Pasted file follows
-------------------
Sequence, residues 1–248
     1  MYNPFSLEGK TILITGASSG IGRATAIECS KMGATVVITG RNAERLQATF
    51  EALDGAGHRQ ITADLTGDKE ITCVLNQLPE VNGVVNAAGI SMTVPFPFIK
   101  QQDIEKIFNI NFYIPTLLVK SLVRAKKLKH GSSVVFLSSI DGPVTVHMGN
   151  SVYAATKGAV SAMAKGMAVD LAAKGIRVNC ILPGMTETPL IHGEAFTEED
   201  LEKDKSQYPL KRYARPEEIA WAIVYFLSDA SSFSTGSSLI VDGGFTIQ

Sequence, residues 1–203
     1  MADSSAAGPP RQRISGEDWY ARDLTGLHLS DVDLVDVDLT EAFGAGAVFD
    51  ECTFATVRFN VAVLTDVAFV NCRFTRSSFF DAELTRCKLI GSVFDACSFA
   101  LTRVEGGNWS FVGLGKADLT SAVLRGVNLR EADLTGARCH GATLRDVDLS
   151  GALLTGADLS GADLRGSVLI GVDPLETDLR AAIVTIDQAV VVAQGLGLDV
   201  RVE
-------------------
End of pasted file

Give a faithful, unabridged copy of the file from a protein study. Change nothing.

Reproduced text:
Sequence, residues 1–248
     1  MYNPFSLEGK TILITGASSG IGRATAIECS KMGATVVITG RNAERLQATF
    51  EALDGAGHRQ ITADLTGDKE ITCVLNQLPE VNGVVNAAGI SMTVPFPFIK
   101  QQDIEKIFNI NFYIPTLLVK SLVRAKKLKH GSSVVFLSSI DGPVTVHMGN
   151  SVYAATKGAV SAMAKGMAVD LAAKGIRVNC ILPGMTETPL IHGEAFTEED
   201  LEKDKSQYPL KRYARPEEIA WAIVYFLSDA SSFSTGSSLI VDGGFTIQ

Sequence, residues 1–203
     1  MADSSAAGPP RQRISGEDWY ARDLTGLHLS DVDLVDVDLT EAFGAGAVFD
    51  ECTFATVRFN VAVLTDVAFV NCRFTRSSFF DAELTRCKLI GSVFDACSFA
   101  LTRVEGGNWS FVGLGKADLT SAVLRGVNLR EADLTGARCH GATLRDVDLS
   151  GALLTGADLS GADLRGSVLI GVDPLETDLR AAIVTIDQAV VVAQGLGLDV
   201  RVE